Nordstrom, long the Emperor of department store fashion, has announced it will soon open a store with no clothes. Instead, the new store—dubbed Nordstrom Local—will follow a Bonobo’s model with in-store interactions and experiences feeding online orders: stylists and staffers will help consumers browse displays and fitting-room samples, guide them through their digital catalogue, and then help them place their order online for at-home delivery.
Men's morning routines are getting a bit more complicated and their tastes a bit fussier it seems, and this is good news for manufacturers: men are spending more than ever before on grooming products. In 2015, male grooming products were a $9.3 billion dollar market; by 2020, it will be $11.5 billion.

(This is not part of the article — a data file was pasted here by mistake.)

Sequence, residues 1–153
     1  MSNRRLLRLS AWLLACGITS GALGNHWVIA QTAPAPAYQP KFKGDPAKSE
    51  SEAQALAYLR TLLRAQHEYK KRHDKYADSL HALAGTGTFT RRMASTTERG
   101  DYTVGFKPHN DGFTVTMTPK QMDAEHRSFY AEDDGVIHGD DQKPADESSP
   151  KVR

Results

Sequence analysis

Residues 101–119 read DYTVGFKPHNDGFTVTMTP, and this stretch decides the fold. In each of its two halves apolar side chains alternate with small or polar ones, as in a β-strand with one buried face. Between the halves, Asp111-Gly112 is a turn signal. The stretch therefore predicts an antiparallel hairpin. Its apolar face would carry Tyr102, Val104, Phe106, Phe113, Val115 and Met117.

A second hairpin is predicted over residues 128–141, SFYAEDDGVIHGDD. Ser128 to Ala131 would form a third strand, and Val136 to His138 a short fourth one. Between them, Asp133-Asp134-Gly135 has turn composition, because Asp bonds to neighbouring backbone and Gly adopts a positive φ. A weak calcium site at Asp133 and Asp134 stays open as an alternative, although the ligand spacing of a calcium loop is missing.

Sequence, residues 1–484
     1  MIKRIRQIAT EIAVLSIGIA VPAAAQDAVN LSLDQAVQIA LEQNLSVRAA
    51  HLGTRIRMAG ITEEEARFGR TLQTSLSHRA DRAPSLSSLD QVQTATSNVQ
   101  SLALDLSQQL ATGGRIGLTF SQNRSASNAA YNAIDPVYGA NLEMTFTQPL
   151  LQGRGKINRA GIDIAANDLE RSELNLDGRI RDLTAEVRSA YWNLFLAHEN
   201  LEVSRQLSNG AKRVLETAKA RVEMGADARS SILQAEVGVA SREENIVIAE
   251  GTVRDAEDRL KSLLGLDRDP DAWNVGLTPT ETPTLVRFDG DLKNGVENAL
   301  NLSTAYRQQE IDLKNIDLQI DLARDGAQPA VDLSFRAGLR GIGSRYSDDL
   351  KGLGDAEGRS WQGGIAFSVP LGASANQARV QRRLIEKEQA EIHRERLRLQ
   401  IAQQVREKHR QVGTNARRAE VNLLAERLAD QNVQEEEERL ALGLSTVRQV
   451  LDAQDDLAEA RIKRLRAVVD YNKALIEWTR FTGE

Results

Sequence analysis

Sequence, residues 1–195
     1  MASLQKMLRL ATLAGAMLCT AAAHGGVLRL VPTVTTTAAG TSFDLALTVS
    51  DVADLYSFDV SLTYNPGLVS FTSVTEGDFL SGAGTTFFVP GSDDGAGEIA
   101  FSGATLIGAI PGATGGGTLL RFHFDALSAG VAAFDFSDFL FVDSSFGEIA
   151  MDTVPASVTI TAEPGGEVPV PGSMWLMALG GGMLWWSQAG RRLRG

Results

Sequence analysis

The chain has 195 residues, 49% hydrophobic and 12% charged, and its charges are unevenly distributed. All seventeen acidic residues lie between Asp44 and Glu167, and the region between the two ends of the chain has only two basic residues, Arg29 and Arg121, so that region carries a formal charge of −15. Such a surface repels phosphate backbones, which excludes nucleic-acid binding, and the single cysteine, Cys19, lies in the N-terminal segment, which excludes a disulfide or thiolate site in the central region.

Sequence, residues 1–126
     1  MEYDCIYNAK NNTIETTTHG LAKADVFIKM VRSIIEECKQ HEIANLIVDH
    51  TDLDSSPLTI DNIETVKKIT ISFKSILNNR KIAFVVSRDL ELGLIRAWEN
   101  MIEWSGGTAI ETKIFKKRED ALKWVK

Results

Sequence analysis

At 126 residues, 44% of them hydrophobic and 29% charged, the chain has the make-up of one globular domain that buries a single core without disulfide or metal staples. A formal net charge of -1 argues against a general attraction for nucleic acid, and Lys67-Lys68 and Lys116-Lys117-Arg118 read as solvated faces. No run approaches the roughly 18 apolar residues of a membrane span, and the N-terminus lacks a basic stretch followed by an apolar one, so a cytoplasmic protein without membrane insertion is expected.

Since mid-2015, Amazon has been taking it to the courts, so to speak. For over two years, they have been pursuing legal remedies to a growing cancer in their otherwise healthy operation: fake reviews. According to a press release, their legal strategy seeks to eliminate “the ecosystem around fraudulent reviews in exchange for compensation,” and vows to “continue to taking enforcement and legal action…as long as this type of abuse exists.”
Last year, the average American ate 54 lbs. of beef, 1.6 lbs. more than in 2015. No, that doesn’t seem like that much—heck it’s only 1/1000 the weight of a single beef cow. But now consider that beef consumption had decreased every year for the past decade, is down 15%-19% since 2005, and that writers have been serving up think pieces on red meat’s demise seemingly everyday since. Now you understand why the slight increase—akin to six McDonalds quarter-pounders per person, per year—has meat producers banging more cowbell.
Well, that was fast. Amazon announced on Thursday that, come Monday when its $13.7 billion acquisition of Whole Foods is complete, they will begin slashing prices on common favorites such as organic apples, almond butter, rotisserie chickens, and a Whole host of other Foods.